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Iraq's Water Crisis Devastates Basra's Fish Farming Industry

The situation in Iraq highlights the urgent need for sustainable water management practices and international cooperation to address the critical water shortage.

Shivam Dwivedi
Iraq's Water Crisis Devastates Basra's Fish Farming Industry (Photo Source: Pixabay)
Iraq's Water Crisis Devastates Basra's Fish Farming Industry (Photo Source: Pixabay)

Iraq is currently grappling with a dire water shortage, putting the livelihoods of many farmers and food producers at risk. Qasem Karam, an Iraqi fish farmer from the southern province of Basra, is one of those affected. Walking across arid land in the blistering midday heat, Karam gestures towards his dried-up carp ponds, which were once nourished by the Shatt al-Arab river.

He lamented that everything was now saturated with salt due to water scarcity and pollution, pointing to nearby patches of white salt crust. He mentioned that the ponds had required significant time, money, and effort to establish, and they had a promising economic plan, but it had all been destroyed.

The decline in waterflows along the Tigris and Euphrates rivers, caused by upstream damming in Turkey and Iran, has severely impacted the Shatt al-Arab river. Additionally, the dumping of wastewater and poor rainfall due to climate change have further exacerbated the crisis. Experts and officials emphasize that these factors have resulted in a significant reduction in fish farming.

As water levels have decreased, evaporation rates have increased, making the remaining water more saline. This has rendered the water unsuitable for fish farming. Karam and three other fish farmers interviewed by Reuters all share the sentiment that the scarcity of suitable water is driving them out of what was once a thriving and profitable business.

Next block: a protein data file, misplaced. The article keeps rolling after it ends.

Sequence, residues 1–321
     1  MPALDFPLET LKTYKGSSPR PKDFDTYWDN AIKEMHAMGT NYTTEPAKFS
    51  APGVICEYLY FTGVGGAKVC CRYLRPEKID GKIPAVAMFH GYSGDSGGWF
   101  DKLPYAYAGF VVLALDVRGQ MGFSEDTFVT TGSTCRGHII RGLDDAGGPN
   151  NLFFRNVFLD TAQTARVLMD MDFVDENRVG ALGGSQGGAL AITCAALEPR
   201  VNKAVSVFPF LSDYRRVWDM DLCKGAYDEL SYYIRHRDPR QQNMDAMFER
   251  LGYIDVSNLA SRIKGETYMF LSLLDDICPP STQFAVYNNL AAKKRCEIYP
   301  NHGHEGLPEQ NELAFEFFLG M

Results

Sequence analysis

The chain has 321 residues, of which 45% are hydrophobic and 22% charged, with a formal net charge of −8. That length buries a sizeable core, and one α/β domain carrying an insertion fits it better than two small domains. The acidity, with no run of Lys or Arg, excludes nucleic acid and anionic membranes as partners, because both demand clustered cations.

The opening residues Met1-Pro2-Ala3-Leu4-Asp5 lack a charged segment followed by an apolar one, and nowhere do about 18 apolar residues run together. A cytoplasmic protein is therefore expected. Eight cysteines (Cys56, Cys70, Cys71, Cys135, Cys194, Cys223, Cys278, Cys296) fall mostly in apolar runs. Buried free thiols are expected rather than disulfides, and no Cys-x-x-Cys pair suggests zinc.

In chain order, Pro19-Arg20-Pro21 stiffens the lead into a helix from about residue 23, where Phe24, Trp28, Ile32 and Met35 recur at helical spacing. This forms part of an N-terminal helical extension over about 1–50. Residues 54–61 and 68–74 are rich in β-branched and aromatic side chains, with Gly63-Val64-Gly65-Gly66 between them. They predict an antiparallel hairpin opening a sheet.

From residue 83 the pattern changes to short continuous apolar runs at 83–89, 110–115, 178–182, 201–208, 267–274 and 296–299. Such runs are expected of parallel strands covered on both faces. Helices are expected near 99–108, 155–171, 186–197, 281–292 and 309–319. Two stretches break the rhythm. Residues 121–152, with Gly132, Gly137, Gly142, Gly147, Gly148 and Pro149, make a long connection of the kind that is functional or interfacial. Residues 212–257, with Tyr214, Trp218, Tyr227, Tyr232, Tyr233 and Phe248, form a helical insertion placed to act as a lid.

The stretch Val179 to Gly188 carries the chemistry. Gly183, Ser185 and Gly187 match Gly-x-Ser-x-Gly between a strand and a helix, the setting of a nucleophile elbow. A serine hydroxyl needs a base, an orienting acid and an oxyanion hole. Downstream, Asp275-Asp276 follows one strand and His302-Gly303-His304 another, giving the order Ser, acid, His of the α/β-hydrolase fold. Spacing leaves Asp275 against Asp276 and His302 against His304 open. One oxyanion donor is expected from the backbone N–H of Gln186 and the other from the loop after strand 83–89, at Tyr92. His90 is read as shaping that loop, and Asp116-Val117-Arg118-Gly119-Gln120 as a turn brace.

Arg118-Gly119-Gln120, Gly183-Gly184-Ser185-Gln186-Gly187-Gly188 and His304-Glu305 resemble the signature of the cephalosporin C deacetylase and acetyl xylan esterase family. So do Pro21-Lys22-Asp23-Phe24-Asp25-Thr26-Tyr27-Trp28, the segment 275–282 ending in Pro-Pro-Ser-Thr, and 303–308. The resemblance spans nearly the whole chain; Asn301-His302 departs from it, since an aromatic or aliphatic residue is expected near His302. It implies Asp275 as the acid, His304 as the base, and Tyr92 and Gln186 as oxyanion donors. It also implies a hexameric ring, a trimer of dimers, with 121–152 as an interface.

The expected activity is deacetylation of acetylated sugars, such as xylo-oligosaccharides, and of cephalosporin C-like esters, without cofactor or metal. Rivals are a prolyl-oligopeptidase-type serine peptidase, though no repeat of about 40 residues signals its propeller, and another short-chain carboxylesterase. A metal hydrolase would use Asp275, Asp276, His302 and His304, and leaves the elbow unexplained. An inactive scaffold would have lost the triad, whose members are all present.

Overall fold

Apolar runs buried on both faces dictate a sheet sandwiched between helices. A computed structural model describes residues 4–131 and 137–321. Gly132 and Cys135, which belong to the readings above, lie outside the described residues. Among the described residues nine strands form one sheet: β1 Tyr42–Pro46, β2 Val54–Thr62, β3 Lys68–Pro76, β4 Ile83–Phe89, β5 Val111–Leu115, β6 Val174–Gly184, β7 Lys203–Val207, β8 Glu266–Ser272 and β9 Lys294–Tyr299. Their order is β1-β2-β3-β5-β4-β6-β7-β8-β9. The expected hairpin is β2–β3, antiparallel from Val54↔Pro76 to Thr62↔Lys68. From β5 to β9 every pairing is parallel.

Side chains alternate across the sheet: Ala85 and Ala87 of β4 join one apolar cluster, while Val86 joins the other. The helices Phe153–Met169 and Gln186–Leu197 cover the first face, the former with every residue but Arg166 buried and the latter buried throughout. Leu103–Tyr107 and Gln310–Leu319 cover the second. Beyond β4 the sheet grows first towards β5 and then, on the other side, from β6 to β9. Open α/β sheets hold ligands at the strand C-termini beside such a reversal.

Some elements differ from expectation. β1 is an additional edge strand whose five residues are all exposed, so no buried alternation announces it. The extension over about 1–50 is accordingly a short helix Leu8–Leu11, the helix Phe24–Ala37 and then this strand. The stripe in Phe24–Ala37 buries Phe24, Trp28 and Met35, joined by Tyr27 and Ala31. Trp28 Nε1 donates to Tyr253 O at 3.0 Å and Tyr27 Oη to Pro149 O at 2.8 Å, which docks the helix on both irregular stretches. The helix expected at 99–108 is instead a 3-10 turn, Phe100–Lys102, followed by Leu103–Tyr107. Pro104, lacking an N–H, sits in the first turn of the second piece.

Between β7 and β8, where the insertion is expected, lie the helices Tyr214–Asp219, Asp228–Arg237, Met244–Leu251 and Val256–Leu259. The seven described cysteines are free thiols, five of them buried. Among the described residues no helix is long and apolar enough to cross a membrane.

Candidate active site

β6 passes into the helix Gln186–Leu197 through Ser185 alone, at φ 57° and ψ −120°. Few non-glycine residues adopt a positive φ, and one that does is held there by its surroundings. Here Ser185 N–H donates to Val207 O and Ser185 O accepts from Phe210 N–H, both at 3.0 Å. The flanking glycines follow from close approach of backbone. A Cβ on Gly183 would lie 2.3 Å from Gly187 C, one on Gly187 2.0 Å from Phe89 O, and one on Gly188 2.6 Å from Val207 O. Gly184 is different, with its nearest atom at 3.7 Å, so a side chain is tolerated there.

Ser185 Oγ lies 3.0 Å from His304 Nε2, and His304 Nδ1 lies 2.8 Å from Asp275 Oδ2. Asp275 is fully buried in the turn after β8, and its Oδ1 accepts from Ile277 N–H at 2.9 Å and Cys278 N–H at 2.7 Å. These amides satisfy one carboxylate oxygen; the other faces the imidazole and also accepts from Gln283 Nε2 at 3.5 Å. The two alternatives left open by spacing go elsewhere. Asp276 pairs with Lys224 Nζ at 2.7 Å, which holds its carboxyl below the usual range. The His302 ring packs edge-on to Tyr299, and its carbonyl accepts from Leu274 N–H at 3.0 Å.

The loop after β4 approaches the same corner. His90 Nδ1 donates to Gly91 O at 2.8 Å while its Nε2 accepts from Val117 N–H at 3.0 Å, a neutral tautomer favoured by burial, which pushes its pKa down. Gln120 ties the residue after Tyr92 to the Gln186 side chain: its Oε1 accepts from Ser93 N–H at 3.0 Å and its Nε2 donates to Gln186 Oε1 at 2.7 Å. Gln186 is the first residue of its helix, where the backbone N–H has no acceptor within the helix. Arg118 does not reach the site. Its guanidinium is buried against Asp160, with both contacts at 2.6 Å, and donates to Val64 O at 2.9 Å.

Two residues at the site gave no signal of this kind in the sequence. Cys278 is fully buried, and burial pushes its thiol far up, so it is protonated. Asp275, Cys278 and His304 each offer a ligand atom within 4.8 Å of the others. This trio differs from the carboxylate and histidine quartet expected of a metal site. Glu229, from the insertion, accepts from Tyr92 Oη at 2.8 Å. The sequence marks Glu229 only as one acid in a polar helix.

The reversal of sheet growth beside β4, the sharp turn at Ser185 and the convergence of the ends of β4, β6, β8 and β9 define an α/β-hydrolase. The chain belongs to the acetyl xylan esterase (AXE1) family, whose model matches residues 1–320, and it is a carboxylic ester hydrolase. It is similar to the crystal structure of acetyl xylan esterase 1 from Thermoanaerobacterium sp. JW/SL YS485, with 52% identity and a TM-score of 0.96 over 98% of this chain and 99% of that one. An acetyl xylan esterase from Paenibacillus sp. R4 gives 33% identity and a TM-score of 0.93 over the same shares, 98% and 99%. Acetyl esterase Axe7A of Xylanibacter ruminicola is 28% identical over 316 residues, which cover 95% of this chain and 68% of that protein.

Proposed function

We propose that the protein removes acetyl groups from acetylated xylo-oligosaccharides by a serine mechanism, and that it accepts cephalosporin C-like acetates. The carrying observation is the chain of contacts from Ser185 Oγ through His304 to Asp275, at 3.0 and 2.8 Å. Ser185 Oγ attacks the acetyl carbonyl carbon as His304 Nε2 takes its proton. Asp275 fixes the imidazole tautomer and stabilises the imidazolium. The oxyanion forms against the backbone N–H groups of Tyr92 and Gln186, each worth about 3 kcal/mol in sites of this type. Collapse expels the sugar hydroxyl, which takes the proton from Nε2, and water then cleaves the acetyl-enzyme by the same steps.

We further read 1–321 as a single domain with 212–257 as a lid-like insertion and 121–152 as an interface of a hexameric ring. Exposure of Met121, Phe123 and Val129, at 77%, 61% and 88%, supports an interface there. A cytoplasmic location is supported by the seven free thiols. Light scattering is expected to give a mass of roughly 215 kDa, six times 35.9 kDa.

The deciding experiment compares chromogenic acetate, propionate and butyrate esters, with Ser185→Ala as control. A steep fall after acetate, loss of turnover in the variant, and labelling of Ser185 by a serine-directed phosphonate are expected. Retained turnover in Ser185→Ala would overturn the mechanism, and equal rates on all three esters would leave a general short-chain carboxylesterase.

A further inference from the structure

Abbas Dakheel, an official at Basra's agriculture directorate, stated that this year only four authorized fish farms are still operational, which is a significant decrease from the 15 that were in business in 2020. Karam, who was kneeling beside a pipe that used to irrigate his pond, explained that the water has turned green, dirty, and polluted, making it impossible for any fish to survive in this environment. He further mentioned that his fish are experiencing illnesses, stunted growth, or death as a result.

Jumaa Shia, the head of Basra's directorate of water resources, acknowledges the growing water crisis and highlights the need to allocate the dwindling water resources among domestic users, agriculture, the oil industry, and electricity generation. In an effort to conserve water, authorities have taken measures such as shutting down approximately 95 unauthorized fish farms in Basra.

As farmers and food producers continue to suffer from the effects of water scarcity, it is crucial for stakeholders to work together to find long-term solutions that can mitigate the impact of upstream damming, pollution, and climate change on Iraq's water resources.

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